A recent article appearing in the Annals of Internal Medicine shows that medication errors are surprisingly common after hospital discharge. The article reports that medication errors were found with about one half of the patients studied. About 20% of the errors were deemed to be “serious,” while 2% were actually judged to be “life-threatening.” When a medication error results in injury, under Ohio law, a claim for medical negligence may arise.
The Annals of Internal Medicine article confirms that patients require better followup to gauge their reactions to medications, but that pharmacists are not able to provide effective prospective monitoring. Instead, that burden must fall on the prescribing physician. Likewise, prior to discharge, caregivers have to do a better job in educating patients.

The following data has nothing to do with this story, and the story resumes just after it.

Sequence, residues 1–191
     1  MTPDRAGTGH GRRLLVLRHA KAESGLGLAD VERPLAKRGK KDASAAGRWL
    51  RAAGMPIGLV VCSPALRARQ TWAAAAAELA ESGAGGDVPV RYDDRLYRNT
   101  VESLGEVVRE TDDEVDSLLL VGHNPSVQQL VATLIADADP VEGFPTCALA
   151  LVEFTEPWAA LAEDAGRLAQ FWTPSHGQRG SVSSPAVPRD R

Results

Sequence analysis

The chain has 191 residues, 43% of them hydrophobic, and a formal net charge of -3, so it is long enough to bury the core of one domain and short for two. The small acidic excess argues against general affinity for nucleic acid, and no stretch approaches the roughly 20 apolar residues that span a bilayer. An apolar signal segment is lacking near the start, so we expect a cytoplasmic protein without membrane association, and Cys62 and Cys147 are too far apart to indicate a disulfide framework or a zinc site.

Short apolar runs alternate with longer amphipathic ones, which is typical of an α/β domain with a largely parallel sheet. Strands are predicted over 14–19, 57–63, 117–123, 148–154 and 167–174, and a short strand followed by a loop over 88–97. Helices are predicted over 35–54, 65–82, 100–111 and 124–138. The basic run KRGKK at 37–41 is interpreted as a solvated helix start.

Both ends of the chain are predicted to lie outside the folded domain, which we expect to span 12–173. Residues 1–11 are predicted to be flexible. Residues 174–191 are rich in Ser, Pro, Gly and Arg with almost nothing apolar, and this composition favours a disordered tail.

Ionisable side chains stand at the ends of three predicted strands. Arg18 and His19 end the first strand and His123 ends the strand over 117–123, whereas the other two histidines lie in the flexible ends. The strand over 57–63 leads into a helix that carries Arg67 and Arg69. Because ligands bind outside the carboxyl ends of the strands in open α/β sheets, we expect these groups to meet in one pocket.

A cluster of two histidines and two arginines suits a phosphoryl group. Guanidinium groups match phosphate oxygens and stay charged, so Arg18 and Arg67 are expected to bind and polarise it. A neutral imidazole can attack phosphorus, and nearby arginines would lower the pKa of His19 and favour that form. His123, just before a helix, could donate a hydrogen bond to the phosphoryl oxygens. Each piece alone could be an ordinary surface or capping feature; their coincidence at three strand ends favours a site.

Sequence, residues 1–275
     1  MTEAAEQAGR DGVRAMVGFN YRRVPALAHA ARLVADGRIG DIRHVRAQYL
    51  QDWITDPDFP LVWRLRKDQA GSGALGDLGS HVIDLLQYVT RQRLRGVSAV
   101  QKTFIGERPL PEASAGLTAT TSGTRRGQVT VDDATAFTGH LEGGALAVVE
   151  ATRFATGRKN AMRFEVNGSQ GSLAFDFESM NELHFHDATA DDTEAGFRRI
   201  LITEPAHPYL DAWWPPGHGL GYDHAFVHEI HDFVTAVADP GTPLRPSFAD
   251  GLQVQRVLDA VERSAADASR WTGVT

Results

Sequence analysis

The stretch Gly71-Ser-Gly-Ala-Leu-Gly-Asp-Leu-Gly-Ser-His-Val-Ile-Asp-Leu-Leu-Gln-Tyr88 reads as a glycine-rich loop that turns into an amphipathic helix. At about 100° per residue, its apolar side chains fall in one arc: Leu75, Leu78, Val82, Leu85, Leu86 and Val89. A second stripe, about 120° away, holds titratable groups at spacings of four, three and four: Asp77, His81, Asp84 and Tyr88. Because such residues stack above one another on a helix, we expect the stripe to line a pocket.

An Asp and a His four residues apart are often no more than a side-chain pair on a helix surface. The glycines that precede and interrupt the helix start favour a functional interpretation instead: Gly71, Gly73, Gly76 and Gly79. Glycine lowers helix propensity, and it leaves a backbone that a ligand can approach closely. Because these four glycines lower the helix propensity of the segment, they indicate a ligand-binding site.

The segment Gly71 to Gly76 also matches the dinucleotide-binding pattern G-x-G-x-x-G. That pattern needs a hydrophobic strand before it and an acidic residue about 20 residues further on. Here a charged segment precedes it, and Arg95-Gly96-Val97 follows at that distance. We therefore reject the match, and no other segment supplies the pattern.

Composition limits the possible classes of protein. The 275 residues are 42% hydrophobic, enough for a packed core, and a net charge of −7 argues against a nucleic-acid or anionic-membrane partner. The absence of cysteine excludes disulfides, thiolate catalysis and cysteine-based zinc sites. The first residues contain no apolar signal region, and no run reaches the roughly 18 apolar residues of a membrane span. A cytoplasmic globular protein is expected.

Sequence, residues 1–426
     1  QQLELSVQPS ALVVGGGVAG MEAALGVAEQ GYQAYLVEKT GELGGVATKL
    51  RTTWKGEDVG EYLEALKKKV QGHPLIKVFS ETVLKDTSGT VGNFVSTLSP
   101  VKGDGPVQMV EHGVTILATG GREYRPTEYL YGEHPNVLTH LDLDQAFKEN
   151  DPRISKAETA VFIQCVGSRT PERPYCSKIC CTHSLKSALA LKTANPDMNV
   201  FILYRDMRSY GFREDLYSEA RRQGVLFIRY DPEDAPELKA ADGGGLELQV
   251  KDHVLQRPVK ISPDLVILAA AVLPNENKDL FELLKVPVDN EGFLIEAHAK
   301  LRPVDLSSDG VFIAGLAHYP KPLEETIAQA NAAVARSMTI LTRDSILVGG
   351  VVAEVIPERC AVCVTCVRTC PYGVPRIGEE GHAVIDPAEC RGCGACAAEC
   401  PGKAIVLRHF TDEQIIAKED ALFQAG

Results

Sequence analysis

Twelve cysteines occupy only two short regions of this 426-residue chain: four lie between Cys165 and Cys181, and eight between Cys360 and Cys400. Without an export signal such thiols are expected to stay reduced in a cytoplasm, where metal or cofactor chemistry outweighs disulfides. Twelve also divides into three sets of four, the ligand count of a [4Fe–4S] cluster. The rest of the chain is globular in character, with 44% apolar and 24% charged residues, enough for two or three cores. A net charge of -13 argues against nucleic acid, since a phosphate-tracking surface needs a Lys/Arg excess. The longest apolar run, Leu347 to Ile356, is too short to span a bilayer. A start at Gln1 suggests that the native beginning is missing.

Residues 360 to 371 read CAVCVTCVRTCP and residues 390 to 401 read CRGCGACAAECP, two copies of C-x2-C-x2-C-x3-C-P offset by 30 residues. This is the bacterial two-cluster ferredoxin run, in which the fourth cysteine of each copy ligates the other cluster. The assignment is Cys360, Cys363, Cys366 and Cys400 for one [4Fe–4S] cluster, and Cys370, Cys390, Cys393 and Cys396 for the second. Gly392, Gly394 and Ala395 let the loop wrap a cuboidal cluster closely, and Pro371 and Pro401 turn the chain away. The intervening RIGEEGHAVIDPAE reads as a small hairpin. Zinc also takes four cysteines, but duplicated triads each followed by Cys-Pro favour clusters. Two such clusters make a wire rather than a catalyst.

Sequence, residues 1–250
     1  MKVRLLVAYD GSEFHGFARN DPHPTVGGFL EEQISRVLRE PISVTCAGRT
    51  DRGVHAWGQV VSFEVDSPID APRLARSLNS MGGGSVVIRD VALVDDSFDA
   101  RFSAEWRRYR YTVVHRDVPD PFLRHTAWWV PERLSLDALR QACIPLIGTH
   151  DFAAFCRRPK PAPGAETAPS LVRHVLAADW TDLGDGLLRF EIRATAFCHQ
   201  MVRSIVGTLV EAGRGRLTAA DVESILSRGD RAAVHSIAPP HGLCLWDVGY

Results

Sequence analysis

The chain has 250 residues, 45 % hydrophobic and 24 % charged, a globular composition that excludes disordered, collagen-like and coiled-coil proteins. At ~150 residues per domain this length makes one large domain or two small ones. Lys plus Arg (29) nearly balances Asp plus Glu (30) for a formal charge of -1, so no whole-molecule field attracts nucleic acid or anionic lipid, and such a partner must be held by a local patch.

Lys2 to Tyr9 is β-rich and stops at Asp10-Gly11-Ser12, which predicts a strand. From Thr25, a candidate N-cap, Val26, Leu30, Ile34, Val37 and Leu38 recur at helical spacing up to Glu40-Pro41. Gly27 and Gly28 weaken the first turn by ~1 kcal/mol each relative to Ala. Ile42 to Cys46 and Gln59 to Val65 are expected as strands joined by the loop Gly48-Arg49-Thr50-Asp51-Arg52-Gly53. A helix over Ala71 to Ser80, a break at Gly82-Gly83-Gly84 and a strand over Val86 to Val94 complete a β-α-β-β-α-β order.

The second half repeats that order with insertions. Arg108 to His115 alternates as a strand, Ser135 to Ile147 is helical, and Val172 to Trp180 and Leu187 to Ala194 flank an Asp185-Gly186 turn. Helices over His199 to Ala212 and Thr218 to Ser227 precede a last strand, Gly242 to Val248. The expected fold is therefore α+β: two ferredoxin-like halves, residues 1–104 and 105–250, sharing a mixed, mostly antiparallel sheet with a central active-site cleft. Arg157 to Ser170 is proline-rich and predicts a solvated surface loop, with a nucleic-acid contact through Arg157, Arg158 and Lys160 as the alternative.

I have written previously about how commonplace prescription errors are, and how those errors are particularly dangerous for children. Pediatric patients, in general, are often less able to overcome an overdose or related medication catastrophe than fully developed patients. The Annals of Internal Medicine article describes how common medicines used to treat cardiac-related conditions in an older adult population can also lead to devastating results.
You can read more about this problem by clicking on this link and following the prompts to create an account: http://annals.org/article.aspx?articleid=1206684. Medication errors are another symptom of a healthcare system that is driven by profit rather than results. Until quality of care drives decisionmaking, medical malpractice will continue to occur from these avoidable mistakes.